Study about making a roof tile from waste EPS
Good day. I’m Jayvee from the philippines and we have a study about using waste EPS (expanded polystyrene) to make a roof tile to be mixed with sand. I hope you can help us to find standard strengths (compressive and flexural) for this composite material and its melting point and heat resistivity. Thank you guys 🙂
Welcome to Precious Plastic @jayveestrauss
Unfortunately, I don’t think anyone here can provide all the details you are asking for, those are normally kept secret because making roof tiles is more on the business side rather than an open source alternative.
In the other topic you replied, @karuu had mentioned that they use a ratio of 2:1 between plastic and sand, and I found online that the best ratio is around “70% plastic with 30% sand for best quality roofing tiles.”
Melting temperatures are hard to calculate because every plastic melts at a different temperature. If you mix LDPE plastic bags then you could use a melting temperature around 150°, if you mix many types of plastic then it will a matter of trying and testing.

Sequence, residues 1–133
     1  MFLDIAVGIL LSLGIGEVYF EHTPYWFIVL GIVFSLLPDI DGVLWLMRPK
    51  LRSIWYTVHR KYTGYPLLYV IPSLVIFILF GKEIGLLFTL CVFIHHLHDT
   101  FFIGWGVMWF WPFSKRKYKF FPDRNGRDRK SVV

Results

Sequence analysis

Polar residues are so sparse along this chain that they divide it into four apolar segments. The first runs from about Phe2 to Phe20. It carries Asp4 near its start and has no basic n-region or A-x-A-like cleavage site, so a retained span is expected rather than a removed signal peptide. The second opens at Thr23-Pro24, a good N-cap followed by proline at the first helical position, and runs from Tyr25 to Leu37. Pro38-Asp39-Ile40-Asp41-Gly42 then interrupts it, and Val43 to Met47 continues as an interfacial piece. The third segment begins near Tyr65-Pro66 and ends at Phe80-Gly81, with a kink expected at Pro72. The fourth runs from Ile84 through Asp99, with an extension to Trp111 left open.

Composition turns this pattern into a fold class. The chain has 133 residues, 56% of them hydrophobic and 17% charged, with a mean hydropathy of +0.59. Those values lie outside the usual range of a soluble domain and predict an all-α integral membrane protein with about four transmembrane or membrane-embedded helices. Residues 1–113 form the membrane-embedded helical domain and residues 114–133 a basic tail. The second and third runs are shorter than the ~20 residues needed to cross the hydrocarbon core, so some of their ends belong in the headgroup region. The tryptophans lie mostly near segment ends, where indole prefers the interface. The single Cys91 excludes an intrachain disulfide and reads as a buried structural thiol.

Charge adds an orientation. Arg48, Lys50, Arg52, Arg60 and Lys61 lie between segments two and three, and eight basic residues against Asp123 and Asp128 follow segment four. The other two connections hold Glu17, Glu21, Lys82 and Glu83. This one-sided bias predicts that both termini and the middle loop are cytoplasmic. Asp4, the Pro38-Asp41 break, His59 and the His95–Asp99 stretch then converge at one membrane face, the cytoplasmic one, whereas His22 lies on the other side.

Personally, I don’t condone this method for making roof tiles because you are converting a recyclable product into something that cannot be recycled again.
Thanks for the reply. We just need the standard strenghts for composite plastic. Our professor said that there is standard for our material in ASTM (American society for testing material) but we cant find any. I hope you kbow someone knows it or you know where to find it. I appreciate your reply. Thank you. 🙂
Good things about the use of Expanded PS for roof tiles :
1. Generally white, easier to colour than already coloured plastics.
2. Easier to shred into a granule before mixing to sand, with a very fine grained, compared to other non-expanded plastics.
One of the challenges in my opinion is getting air bubbles out of the mixture.
For your question, I have no clues 🙂
I hope that he following document could help you.
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